Posts Tagged ‘cooking lesson’

My husband is newly retired. This means he can spend time watching public television cooking programs.

My husband is a good cook. It’s why I married him. Well, OK, it isn’t why I married him, but it certainly has been a perk of having married him. I don’t particularly care for cooking (baking and canning – yes, cooking – no) and I am not particularly skilled at it. But I can make biscuits. (OK, that’s baking and I just said I like to bake.)

Don has been watching how to make perfect biscuits, specifically buttermilk biscuits. I do not believe I have ever made buttermilk biscuits as my fall-back recipe is always Baking Powder Biscuits which are incredibly simple:

preheat oven to 450 degrees F.

2 C flour

3 tsp Baking Powder

1 tsp salt

Cut in 6 T shortening

Stir in 2/3 cup milk.

Roll, cut, bake for 10-12 minutes.

Don wanted biscuits & gravy for dinner tonight, which is also a really simple meal to make if you don’t have a culinary degree. I didn’t ask him (and he didn’t offer) whether or not he wanted some of those fancy biscuits & gravy he watched some chef prepare on PBS. In fact, I didn’t know he had watched someone make them.

Now, normally, I chase everyone out of the kitchen when I am cooking. I simply prefer to cook alone. But tonight, I had an observer who watched me as I mixed the first batch of biscuits. I say “first” because it turned out that my shortening was rancid and I had to toss the dough out (and the nearly-empty shortening container). Fortunately, I had new shortening on hand, so all was not lost.

“You don’t measure exactly?” he inquired as I made a guess on the salt content.

“Accuracy in baking only counts in cakes and pie crusts,” I replied. “Besides, it reminds me of my 7th grade Home Ec teacher. She nearly had heart failure when she caught my girlfriend & I using out hands to measure a teaspoon. I mean, she had a serious conniption and yelled at us. We were totally baffled – both of us had been baking since we were ten and we knew how much a teaspoon was in the palm of our hands…”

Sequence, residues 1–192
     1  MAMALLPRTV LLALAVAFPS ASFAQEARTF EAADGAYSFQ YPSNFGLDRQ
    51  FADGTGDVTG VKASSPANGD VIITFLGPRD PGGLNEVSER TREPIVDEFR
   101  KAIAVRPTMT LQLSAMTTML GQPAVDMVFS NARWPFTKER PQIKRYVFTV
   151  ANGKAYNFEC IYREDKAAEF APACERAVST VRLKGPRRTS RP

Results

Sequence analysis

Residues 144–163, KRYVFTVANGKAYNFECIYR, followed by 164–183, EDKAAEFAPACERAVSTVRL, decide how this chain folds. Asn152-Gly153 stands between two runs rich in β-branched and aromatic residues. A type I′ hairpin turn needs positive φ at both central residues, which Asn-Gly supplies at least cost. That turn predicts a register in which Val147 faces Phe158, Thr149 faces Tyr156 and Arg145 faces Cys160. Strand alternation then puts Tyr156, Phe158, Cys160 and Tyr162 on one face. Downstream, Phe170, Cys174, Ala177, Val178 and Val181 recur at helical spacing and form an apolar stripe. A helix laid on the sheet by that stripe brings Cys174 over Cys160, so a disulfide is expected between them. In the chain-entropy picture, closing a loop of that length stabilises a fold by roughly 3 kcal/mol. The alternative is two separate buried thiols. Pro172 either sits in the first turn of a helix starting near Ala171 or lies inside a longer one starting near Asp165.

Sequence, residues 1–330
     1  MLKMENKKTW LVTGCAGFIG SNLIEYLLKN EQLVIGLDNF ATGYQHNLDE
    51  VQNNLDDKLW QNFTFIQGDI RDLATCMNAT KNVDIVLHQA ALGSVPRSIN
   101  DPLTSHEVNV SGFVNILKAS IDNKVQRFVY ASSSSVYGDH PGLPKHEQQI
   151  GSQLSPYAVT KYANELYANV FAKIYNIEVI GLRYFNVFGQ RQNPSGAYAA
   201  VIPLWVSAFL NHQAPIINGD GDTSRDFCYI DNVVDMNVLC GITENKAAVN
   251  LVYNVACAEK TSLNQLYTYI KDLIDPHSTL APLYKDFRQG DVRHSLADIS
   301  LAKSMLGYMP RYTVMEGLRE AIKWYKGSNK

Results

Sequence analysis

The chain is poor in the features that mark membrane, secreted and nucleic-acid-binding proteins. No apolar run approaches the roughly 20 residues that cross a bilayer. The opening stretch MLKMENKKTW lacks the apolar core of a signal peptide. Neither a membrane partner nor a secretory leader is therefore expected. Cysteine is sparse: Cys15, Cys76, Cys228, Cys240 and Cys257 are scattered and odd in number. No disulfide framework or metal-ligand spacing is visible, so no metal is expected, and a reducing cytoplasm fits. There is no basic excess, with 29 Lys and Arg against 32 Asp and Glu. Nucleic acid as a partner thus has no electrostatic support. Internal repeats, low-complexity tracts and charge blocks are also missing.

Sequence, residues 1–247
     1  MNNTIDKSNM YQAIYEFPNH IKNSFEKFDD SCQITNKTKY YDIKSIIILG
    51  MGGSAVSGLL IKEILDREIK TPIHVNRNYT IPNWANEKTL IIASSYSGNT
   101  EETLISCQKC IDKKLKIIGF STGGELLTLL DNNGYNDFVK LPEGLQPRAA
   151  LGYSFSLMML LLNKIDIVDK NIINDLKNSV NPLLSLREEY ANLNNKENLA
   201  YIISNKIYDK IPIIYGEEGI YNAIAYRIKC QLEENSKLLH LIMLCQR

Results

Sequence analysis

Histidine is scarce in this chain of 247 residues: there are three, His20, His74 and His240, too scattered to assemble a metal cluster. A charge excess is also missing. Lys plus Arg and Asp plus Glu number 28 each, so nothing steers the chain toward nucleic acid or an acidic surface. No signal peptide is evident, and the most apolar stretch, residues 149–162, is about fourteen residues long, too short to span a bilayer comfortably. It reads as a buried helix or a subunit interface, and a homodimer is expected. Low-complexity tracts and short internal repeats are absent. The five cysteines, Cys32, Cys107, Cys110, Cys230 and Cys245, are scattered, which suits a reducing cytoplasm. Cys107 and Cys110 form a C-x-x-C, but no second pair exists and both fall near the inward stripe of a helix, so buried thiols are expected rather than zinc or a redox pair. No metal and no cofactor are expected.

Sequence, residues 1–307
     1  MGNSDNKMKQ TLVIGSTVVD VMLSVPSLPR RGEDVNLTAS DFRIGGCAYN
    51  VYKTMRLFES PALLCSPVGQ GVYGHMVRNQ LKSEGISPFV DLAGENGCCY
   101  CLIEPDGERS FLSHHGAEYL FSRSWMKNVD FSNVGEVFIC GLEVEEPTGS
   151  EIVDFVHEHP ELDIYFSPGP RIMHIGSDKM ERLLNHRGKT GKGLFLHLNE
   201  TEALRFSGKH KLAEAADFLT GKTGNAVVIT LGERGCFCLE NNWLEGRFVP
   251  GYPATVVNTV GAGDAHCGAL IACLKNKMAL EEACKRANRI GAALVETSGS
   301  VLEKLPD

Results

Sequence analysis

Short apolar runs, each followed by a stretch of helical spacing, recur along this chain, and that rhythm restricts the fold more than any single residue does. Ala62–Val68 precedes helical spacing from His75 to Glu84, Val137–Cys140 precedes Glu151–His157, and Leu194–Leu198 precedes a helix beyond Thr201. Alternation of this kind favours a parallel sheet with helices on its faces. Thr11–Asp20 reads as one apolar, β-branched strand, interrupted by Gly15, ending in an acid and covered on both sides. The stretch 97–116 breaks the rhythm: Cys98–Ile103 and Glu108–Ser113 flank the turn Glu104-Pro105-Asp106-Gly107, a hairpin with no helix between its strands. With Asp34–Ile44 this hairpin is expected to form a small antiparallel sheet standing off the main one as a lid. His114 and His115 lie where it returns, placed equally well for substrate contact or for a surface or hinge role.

“My grandmother measured that way,” he said.

“And it’s perfectly fine if you aren’t baking a cake.” What I didn’t tell him was that Trudi and I walked out of the class, looked at each other, and started to laugh. Miss Ring (that was her name) had no clue about real baking. She wouldn’t acknowledge that any of us had prior experience (and, indeed, most of the 6th grade class had never baked), but between the pair of us, we had been baking since we were at least 10 years old, perhaps earlier. To be sure, some of it was in an Easy Bake Oven, but not all of it. In 5th Grade, Trudi showed me how to make a wonderfully delicious chocolate cake using mayonnaise. The recipe was on the label.

“I heard you don’t over blend the ingredients,” Don went on to say.

“Nope. You mix just until it sticks together. Then you roll it out.” I don’t usually bother with rolling biscuit dough – you can flatten it with your hands and cut it.

The biscuits went into the over and I started the sausage in the cast iron.

“So, do you remove the meat before you start the gravy?”

Is he an alien? “No, why would I do that?”

“Well, this one chef I watched” (a graduate of a culinary school and a better cook than moi) “removed the meat and then started the gravy. But he also fried bacon to put into the gravy.”

“Well, bacon puts out a lot of grease. Sausage doesn’t usually have much grease.” But I was thinking: bacon in your sausage & biscuits? I may have to try that sometime, but it isn’t exactly down-home cooking.

Then I pulled out a can of evaporated milk. To be fair, I use evaporated milk in lieu of regular milk for a variety of reasons. When we had children living at home, they drank a lot of milk. Milk costs more than evaporated milk. I can take a can and cut it half-and-half with water for the same milk consistency for most recipes (cakes excepted). Evaporated milk is perfect for gravy making.

When the sausage was cooked through, I dumped approximately a half cup of flour onto the crumbles, then I slowly poured the milk into the mix, stirring until the roux was smooth. Then I added more milk & water & cooked it down to a thick gravy. Oh, and salt & pepper to taste.

The gravy was ready just a minute before the biscuits.

“I can do that,” my husband said. “Do you always use the same recipe?”

“Yeah, about that – if I make them often, I remember it. But when it’s not so often, Betty Crocker comes to the rescue. And I like the ‘richer biscuits’ recipe.”

Now, about cakes… You really need to measure the ingredients exactly. Use fresh baking soda or powder (if it is called for). Blend the ingredients until they are smooth. And blend another minute. Cakes are really, really picky. I have made my share of box-cakes, but I prefer “scratch” cakes, and they are really picky about the oven temperature, the mix of ingredients, the exact measurements.

No Culinary Degree Required.

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